Alphabet’s Latest Moonshot Graduate Is Tackling Cybersecurity
The research lab at Google’s parent company, Alphabet, is known for incubating some of the most far-out ideas in tech. Self-driving cars, contact lens that measure blood sugar, and giant balloons that beam Internet connections to everyone below are just some of the so-called moonshots that have emerged from the secretive skunkworks, known as X.
When projects show enough promise as potential businesses, they “graduate” from being mere experiments into independent companies. Only a handful has ever done so.
The latest, announced on Wednesday, is Chronicle, a previously undisclosed moonshot in computer security that aims to simplify the lives of cybersecurity and IT professionals. It sifts through giant swaths of data to keep out hackers and detect security vulnerabilities.
The technology is a departure for X, which has generally focused on ideas like burrito-delivering drones that seem like they were torn from the pages of sci-fi film scripts. Computer security, though important, is not nearly as sexy.
However, Astro Teller, X’s leader, insists that cybersecurity has been on the backburner for several years at X. Creating research projects to tackle the planet’s biggest problems that can be spun into independent companies has always been the goal, not just creating out-of-this world technology for the sake of grabbing headlines.
The fact that so many big companies like Target, Sony Pictures Entertainment, and insurance giant Anthem are being hacked proves that “Cyber security is one of the biggest problems in the world,” Teller said.
When Google created X eight years ago, X staff members would repeat the phrase “atoms, not just bits,” reflecting their emphasis on futuristic hardware, Teller said. The marching orders changed a bit, however, in 2015 when Google’s leadership created the Alphabet holding company to better manage Google’s sprawling business empire and focus on projects that have a better chance of turning a profit in the future.
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“That restriction that we just work in hardware didn’t make as much sense.” Teller said about the Alphabet era.
To lead Chronicle, X recruited Stephen Gillett, a former chief operating officer of security giant Symantec who has a long background in corporate technology. In 2010, when holding a similar job at Starbucks, Fortune selected Gillett for its 40 under 40 list of young movers and shakers, partly for helping bring free Wi-Fi to Starbuck’s cafes.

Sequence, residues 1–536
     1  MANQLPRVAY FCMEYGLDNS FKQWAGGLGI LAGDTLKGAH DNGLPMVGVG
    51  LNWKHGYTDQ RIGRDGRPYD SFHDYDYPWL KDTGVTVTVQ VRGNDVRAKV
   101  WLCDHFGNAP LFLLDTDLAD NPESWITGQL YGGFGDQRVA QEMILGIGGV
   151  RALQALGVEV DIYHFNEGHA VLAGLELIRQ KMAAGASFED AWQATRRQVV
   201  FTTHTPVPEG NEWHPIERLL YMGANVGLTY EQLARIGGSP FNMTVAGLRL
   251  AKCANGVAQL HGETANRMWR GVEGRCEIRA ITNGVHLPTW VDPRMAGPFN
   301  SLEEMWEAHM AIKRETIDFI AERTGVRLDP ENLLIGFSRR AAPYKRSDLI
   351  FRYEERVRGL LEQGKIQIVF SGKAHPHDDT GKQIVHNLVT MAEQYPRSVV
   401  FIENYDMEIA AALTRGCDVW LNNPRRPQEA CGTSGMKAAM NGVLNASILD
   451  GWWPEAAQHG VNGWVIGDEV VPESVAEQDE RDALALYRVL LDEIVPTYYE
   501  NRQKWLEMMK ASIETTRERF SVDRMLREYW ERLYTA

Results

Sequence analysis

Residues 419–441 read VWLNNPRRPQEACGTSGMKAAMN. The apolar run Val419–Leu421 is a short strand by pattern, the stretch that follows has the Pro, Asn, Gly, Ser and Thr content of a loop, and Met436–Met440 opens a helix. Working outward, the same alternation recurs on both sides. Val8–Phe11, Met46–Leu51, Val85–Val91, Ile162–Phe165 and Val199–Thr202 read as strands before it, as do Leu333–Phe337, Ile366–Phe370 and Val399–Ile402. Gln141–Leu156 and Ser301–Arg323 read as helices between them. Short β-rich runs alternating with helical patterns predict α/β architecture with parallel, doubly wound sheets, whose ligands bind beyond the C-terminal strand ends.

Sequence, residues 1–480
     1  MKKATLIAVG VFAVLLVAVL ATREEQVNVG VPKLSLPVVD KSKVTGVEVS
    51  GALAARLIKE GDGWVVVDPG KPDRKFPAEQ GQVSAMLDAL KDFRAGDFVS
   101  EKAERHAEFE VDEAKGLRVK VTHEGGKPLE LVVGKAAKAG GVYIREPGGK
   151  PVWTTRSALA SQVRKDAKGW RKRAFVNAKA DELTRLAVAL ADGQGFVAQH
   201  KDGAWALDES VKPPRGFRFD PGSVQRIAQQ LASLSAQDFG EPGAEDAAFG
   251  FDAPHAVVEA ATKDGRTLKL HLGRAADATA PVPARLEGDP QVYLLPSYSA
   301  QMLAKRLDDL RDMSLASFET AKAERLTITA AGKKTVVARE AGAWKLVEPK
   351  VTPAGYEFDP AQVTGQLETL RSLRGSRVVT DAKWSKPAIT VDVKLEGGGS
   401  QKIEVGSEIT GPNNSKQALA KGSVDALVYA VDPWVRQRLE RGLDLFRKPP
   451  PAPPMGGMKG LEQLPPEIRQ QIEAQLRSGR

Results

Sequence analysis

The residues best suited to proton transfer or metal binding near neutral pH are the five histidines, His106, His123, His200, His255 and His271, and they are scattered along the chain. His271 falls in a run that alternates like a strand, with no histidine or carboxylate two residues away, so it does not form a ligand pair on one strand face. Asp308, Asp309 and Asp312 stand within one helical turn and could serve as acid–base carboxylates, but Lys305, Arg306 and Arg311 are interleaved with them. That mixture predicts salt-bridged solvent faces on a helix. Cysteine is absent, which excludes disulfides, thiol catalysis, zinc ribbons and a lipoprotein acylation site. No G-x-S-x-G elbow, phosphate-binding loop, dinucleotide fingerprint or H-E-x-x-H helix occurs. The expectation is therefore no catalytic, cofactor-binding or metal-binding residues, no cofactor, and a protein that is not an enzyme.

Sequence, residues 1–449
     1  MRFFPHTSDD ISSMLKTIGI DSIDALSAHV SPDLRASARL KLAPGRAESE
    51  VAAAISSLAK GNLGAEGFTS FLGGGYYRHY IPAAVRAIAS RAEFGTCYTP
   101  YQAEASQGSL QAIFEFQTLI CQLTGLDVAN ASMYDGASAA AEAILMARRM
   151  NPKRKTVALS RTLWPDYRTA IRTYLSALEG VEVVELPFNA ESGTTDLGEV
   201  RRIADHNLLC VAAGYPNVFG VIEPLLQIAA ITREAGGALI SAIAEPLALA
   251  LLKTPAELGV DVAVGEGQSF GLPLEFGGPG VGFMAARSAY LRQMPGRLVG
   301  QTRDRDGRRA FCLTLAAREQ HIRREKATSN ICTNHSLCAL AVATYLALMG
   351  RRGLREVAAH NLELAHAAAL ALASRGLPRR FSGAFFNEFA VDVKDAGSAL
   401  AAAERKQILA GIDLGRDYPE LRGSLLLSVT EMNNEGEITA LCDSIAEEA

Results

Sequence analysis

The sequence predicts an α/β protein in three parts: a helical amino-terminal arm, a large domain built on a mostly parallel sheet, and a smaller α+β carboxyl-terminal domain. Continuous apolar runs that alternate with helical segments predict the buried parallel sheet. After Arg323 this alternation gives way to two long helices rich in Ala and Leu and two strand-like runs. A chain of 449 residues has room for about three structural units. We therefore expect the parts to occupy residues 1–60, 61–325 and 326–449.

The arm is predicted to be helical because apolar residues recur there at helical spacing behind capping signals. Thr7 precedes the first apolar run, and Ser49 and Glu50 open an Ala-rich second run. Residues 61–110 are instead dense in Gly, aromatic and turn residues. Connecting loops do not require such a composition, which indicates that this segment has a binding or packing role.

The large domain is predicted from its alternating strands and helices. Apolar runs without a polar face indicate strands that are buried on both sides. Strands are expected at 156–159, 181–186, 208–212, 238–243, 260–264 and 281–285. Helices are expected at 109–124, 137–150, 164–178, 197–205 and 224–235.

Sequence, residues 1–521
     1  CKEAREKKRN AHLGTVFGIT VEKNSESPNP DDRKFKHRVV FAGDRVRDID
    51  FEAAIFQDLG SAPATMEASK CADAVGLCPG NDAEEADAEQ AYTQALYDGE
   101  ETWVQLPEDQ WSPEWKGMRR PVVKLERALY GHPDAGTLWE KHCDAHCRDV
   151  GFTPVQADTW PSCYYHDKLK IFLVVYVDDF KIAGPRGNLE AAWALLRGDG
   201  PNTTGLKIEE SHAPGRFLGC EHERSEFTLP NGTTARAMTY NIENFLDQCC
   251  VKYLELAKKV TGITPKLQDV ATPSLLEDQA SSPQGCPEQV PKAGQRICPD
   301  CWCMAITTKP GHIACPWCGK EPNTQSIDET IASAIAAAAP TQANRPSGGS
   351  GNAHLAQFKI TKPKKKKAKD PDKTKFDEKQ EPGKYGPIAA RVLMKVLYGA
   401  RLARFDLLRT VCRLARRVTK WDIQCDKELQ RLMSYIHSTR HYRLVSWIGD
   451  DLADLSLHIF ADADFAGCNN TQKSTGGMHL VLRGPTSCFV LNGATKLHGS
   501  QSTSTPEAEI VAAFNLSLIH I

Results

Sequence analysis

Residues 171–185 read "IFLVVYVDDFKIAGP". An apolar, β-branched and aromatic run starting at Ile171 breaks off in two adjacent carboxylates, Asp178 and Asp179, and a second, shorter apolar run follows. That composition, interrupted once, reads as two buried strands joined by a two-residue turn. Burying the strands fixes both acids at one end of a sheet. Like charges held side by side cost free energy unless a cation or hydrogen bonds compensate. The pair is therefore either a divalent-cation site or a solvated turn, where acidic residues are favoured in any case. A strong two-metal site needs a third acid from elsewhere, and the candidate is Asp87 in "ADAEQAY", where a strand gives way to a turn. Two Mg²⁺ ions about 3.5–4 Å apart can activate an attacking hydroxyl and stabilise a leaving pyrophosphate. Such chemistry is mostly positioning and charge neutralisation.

Chronicle’s other co-founders include some of Google’s top security engineers who have created the technology that helps protect the search engine’s vast computer systems from hackers. Besides selling security software to businesses, Chronicle will also oversee Alphabet’s existing VirusTotal security business, which Google acquired in 2012 and then folded into X in 2015 when Alphabet was formed, Gillett said.
Gillett declined to comment about how Chronicle’s cybersecurity software works, making the still-unreleased technology impossible to compare with rival software from others. But he said that “several Fortune 500 companies” are testing its software, although he declined to name those firms.
Gillett said the software is intended to solve a common complaint of IT and security professionals—being overwhelmed by the deluge of security alerts they receive each day warning of potential bugs and vulnerabilities. Their lives would be easier if they could filter out all the false alarms and concentrate on only the most important ones. By using machine learning to sift through both current and old corporate data, Chronicle’s software is supposed to show only the most significant threats.
Forrester security analyst Chase Cunningham said that many cybersecurity companies are using buzzwords like machine learning and artificial intelligence to hawk their software. But he says it’s challenging to separate the hype from the reality if companies merely say their technology is the best without explaining why or how.
Bill Coughran, a venture capitalist with Sequoia Capital and a former Google senior vice president of engineering, said the sheer number of security startups receiving funding makes it difficult for any one of them to stand out. Furthermore, the software must do many tasks well, not just one.
One way for Chronicle to win customers would be to undercut competitors on price, Coughran said, because “there are a number of security products that are too expensive.” Being part of the Alphabet empire and its vast wealth could help Chronicle do so.
And while it may be unusual for X to have graduated a moonshot that is focused on corporate IT, it is, in fact, aligned with Google’s strategy to become a business technology giant. Increasingly, Google is investing in things like cloud computing and workplace software in an effort to challenge tech giants like Microsoft and Amazon, and not just focusing on its core search business and giant Internet balloons.